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Poker: Four-way pot is thrilling rarity

Across the world, tens of thousands of poker hands are dealt every day. Among them are countless straights and flushes, with the occasional straight flush or even a royal flush. Big hands such as these are exciting, but not as exciting as the four-way all-in pot that took place in December 2015 at a crucial point in a major tournament.

It happened on Day 5 of the 2015 PokerStars European Poker Tour Prague Main Event, a tournament with a buy-in of 5,300 euros, a prize pool of 5,063,400 euros and a field of 1,044 players.

With 754,510 euros reserved for the winner, there was a fortune on the line. There were 13 players left, and everyone was guaranteed at least 50,990 euros, but the remaining players were hoping to make the final table of eight.

With blinds at 30,000-60,000 plus an ante of 10,000, Chris Walker moved all in for 985,000 from under the gun holding Jd Jc. Marc Macdonnell called off his remaining 165,000 with 9d 8d, and then action folded to chip leader Ilkin Amirov in the cutoff seat. He opted to just call with the second-best hand in poker, Kh Kd, and Javier Gomez moved all in over the top for 2.58 million from the big blind with Qs Qc. Amirov snap-called, and three players found themselves behind and at risk.

Such a hand is incredibly rare, but to have it happen in the late stages of a big tournament, with hundreds of thousands of euros on the line – well, let’s just say it was a first in the European Poker Tour’s 12-year history.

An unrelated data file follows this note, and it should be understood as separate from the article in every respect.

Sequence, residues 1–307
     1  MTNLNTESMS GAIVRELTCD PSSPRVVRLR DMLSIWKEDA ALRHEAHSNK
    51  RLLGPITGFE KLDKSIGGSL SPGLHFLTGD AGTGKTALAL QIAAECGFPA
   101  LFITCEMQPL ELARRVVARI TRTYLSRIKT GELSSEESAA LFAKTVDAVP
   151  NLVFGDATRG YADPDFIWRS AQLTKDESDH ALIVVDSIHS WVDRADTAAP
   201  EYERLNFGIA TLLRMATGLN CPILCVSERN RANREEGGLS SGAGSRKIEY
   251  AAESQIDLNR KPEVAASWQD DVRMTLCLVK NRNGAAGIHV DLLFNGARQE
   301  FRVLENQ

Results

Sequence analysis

Another thing that made this hand so special was how it played out. For instance, had Amirov raised with pocket kings instead of just calling, there’s a strong possibility that Gomez, an accomplished player, would have ditched his cards.

As it was, the cards, player positions and stack sizes combined to create the perfect storm of a hand. Making it even more entertaining was the 6s As 9s flop, which kept everyone drawing live. Amirov was still out in front with his kings, but Gomez picked up a flush draw to go with his queens. Walker could still hit a jack to win, while Macdonnell would pull ahead with another nine or a non-spade eight.

The 2d turn was a blank, but as with the flop, it kept everyone in contention.

The 6d failed to help anyone, allowing Amirov to score the triple knockout. Macdonnell and Walker were eliminated in 13th and 12th place, respectively, both for 50,990 euros, while Gomez took 11th and earned 56,950 euros.

Amirov went on to finish third, earning 391,910 euros.

To put the hand into perspective, it was the equivalent of an unassisted triple play in baseball: It happens now and again, but it’s extremely rare.

Chad Holloway is a 2013 World Series of Poker bracelet winner and media director for the Mid-States Poker Tour. Follow him on Twitter: @ChadAHolloway.